The last fortnight may have been the most damaging period ever for the reputation of large British businesses. GlaxoSmithKline, the pharmaceutical group, was fined $3bn for abusive practices in marketing drugs in the US. Royal Bank of Scotland and its subsidiaries failed to process their customers’ transactions. Both companies must have been relieved that Bob Diamond and Barclays successfully dominated the headlines. And these events follow BP’s disaster in 2010.
Conspiring to rig interest rates is probably fraudulent; failing to report the side effects of a drug is severely reprehensible but probably not illegal; cutting corners on an oil installation is negligent; systems failure in a computer system seems like bad luck. The degrees of culpability vary as do the incidents themselves. But is there a common underlying cause?
All four companies made decisions that benefited them in the short term but came back to haunt them. And yet to describe the problem as short-termism, though true, is not to get quite to the heart of the problem.
Some commentators have suggested that the $3bn fine on GSK was less than the profits the company made from its misconduct. BP clearly made a bad call, but we say that with hindsight. On the strong balance of probabilities, the well would have been fine and the consequential damage was far larger than could reasonably have been expected. What would we think of GSK, or BP, if we discovered that the companies had weighed the costs and benefits and decided to go ahead anyway with doctors’ spa weekends and cutting corners on the rig installation?
Not much, because the Ford Motor Company was – and is still – pilloried for acting in this way. The Pinto is notorious as one of the worst cars Ford – or any company – ever made. But it is more notorious still for its exploding fuel tank. Ford knew how to fix the problem at a cost of $11 per car.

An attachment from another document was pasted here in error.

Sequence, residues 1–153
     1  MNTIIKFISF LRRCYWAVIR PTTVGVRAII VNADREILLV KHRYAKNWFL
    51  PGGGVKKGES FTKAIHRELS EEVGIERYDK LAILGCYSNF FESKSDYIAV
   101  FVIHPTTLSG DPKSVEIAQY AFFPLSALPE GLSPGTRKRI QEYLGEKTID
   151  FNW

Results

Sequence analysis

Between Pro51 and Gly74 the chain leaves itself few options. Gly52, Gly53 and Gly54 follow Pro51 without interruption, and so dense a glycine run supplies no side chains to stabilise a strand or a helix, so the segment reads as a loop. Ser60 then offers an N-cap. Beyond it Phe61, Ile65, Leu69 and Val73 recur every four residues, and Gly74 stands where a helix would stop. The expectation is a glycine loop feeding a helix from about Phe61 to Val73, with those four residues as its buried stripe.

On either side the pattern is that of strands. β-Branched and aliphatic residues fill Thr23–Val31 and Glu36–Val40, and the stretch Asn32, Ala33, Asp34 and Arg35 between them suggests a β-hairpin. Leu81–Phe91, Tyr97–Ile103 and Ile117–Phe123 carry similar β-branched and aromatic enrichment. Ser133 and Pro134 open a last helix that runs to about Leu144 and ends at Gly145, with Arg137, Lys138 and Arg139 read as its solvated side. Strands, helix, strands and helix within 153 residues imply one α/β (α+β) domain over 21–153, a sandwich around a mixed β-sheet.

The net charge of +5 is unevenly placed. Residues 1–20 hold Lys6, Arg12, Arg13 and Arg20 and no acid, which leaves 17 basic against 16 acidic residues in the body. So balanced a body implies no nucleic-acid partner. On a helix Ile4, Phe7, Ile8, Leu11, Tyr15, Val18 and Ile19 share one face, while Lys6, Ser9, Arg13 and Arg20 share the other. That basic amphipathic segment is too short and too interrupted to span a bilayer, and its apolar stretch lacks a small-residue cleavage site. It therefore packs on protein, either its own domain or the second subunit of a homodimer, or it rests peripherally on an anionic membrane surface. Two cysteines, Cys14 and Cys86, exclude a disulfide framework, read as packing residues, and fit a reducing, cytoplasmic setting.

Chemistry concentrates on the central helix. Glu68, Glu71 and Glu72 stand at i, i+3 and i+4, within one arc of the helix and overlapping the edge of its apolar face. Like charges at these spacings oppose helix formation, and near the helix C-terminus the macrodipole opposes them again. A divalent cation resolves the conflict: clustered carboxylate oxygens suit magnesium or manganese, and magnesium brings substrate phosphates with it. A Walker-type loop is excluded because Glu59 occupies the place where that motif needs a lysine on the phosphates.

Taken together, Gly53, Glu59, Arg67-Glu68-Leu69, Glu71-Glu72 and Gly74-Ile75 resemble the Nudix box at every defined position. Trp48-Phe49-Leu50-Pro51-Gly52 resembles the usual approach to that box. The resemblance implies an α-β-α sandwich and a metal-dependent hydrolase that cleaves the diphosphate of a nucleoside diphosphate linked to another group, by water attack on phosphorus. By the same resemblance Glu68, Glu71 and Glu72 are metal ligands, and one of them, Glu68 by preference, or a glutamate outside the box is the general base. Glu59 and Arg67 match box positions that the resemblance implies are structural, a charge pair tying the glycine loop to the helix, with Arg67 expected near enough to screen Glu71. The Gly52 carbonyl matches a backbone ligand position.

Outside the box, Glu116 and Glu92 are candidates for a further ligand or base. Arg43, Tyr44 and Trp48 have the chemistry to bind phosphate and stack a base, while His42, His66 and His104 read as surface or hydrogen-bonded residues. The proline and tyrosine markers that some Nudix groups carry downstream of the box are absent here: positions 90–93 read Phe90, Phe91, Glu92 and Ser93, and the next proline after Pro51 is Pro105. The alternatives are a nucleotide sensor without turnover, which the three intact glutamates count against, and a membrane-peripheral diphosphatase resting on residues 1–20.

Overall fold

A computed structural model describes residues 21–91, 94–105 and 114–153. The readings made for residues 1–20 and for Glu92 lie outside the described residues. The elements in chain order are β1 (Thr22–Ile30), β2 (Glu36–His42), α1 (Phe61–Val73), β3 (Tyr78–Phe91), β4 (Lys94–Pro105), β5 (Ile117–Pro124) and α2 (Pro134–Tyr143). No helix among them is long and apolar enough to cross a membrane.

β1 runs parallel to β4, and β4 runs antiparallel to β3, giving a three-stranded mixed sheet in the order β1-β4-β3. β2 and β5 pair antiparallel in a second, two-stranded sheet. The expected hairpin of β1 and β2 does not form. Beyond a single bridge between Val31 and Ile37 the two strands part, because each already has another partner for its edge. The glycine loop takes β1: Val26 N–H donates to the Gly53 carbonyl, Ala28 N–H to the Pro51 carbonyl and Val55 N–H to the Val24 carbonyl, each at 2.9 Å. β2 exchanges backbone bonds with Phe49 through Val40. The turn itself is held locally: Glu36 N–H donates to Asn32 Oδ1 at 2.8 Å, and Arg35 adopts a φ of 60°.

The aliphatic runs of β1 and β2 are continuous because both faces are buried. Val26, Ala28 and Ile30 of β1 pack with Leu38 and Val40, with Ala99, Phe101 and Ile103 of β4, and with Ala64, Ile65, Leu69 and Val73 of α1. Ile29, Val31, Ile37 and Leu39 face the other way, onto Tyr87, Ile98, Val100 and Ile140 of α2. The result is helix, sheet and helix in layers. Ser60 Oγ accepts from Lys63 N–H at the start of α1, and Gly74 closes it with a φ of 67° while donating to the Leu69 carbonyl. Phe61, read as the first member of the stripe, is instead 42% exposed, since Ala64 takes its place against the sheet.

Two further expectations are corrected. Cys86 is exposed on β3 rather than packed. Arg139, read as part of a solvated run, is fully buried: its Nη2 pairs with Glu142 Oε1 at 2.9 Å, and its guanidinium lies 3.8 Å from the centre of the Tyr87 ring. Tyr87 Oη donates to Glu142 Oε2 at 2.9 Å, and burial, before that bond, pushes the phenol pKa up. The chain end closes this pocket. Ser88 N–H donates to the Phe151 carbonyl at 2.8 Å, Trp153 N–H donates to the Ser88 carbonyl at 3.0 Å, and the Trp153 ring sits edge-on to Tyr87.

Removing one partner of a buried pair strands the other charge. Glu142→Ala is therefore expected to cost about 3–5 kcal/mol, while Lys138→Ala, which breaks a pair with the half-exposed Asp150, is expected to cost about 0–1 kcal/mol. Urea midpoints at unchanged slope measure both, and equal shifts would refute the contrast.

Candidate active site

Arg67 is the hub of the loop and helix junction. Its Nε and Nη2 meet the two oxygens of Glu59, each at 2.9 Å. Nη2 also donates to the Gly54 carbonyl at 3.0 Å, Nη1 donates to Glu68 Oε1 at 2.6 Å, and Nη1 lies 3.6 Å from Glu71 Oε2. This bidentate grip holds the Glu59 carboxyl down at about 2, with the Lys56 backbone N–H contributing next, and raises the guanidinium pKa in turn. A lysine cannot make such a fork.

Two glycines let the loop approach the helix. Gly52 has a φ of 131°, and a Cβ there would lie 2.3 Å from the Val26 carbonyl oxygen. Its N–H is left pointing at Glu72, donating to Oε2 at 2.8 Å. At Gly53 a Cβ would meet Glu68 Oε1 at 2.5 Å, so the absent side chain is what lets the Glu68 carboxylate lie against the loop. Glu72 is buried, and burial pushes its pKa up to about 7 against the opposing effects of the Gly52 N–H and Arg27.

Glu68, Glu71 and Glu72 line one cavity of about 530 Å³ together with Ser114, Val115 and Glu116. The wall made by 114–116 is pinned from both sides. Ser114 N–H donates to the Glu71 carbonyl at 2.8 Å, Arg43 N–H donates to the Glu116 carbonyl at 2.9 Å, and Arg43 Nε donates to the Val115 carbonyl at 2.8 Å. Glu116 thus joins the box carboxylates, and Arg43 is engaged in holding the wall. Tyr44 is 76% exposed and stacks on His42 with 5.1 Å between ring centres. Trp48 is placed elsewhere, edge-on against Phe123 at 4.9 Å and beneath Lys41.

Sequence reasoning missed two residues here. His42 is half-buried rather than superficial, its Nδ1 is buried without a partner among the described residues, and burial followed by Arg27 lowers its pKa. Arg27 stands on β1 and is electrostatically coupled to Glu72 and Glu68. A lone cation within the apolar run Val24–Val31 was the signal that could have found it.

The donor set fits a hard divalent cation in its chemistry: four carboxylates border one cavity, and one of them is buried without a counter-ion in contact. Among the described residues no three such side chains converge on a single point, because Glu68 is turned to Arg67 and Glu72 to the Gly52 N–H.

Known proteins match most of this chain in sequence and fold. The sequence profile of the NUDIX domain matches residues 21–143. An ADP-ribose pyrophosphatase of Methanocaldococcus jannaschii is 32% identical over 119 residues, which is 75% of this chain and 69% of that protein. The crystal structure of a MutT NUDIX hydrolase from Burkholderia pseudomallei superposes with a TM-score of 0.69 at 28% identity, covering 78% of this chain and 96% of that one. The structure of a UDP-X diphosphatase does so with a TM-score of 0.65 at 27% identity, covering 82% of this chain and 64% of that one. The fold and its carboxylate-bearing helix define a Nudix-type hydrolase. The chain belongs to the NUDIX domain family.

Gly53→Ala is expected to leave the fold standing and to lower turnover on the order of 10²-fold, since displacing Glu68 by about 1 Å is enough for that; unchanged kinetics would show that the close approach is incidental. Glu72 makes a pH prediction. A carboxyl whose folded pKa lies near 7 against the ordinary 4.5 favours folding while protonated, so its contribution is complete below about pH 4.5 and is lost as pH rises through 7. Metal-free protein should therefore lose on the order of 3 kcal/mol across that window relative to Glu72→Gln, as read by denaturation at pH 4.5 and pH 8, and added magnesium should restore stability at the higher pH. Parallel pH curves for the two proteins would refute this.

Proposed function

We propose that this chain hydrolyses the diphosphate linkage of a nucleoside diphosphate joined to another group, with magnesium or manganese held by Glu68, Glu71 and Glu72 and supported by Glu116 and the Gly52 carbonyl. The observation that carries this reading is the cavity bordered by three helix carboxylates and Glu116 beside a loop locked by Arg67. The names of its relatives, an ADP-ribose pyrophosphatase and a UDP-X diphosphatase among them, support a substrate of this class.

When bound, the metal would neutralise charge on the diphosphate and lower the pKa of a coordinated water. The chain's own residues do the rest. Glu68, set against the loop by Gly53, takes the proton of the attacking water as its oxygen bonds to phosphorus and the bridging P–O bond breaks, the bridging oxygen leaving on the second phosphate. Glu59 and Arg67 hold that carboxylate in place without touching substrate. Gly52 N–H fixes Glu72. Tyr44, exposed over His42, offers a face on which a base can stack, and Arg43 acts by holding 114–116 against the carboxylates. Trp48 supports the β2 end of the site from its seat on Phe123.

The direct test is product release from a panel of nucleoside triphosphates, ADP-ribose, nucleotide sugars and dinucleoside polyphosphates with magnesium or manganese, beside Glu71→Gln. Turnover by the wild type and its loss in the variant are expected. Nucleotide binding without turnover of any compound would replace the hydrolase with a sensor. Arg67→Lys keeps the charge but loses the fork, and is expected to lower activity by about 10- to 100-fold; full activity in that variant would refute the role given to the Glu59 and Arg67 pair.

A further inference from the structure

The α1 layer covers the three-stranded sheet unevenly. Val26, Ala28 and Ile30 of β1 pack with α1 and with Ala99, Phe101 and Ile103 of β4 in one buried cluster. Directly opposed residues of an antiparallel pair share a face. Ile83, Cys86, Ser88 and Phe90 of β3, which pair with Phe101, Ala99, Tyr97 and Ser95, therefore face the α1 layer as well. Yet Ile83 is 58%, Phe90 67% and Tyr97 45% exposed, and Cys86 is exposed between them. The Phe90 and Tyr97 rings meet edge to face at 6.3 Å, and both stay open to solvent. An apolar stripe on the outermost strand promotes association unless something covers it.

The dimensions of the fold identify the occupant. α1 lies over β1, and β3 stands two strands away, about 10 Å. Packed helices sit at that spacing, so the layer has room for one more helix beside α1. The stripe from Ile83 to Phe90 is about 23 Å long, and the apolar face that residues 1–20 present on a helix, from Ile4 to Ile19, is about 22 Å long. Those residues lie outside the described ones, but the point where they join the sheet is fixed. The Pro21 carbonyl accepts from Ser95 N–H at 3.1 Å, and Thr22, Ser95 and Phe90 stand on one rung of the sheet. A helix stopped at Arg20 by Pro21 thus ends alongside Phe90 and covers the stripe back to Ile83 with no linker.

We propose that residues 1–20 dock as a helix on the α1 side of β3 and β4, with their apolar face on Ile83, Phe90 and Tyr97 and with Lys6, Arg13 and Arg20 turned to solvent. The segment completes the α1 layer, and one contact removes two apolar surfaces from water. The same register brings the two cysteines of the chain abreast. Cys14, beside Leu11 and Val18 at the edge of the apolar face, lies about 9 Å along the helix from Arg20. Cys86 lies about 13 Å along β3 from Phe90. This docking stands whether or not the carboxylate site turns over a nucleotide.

But they estimated that only 180 people would die, and if you value life at $200,000 per head (including $900 for funeral expenses and an extra $10,000 because burning to death at the roadside is pretty unpleasant), it is cheaper to let accidents happen.
The calculation is beyond parody or contempt. And yet while it is easy to say that safety, or human life, is priceless, in the real world trade-offs have to be made. Every cheap car could be made safer, but then it would cease to be a cheap car, and people who take a modest risk every time they leave the house (or, more dangerously still, stay at home) would not be able to benefit.
But as soon as that calculation was disclosed, Ford’s case was lost: both in the court where the relatives of a Pinto victim were suing the company, and in the court of public opinion. Not because we think the value of life is actually $500,000 – the level at which the calculation breaks even – or because we think the discount rate used is too high, but because we find unacceptable the instrumentality of making the calculation at all.
We detest what it tells us about the values of the company. In Ford’s case this is unfair because, as the company tried vainly to persuade the court, the cost-benefit analysis was not its own idea: the analysis was a requirement of the National Highway Transportation Safety Agency, which was staffed by young enthusiasts for cost-benefit analysis.
That points to the real issue at GSK, RBS, Barclays and BP. We are not interested in whether these companies made good or bad calculations. We are interested in what these incidents tell us about the values of the companies concerned. We need to be able to trust pharmaceutical companies. We expect banks to be run and populated by honest people, to keep our money safe, and to give us our money back when we need it. We want oil companies to have a strong culture of engineering professionalism and commitment to health and safety.
If we are ever to have confidence in these companies, we want them to pursue these objectives, not because they are good policy, but because such goals are integral to the companies’ identity. Otherwise their literal or figurative licences to operate will be in jeopardy. The common mistake of all these businesses was to raise doubts about their values in the instrumental search for earnings.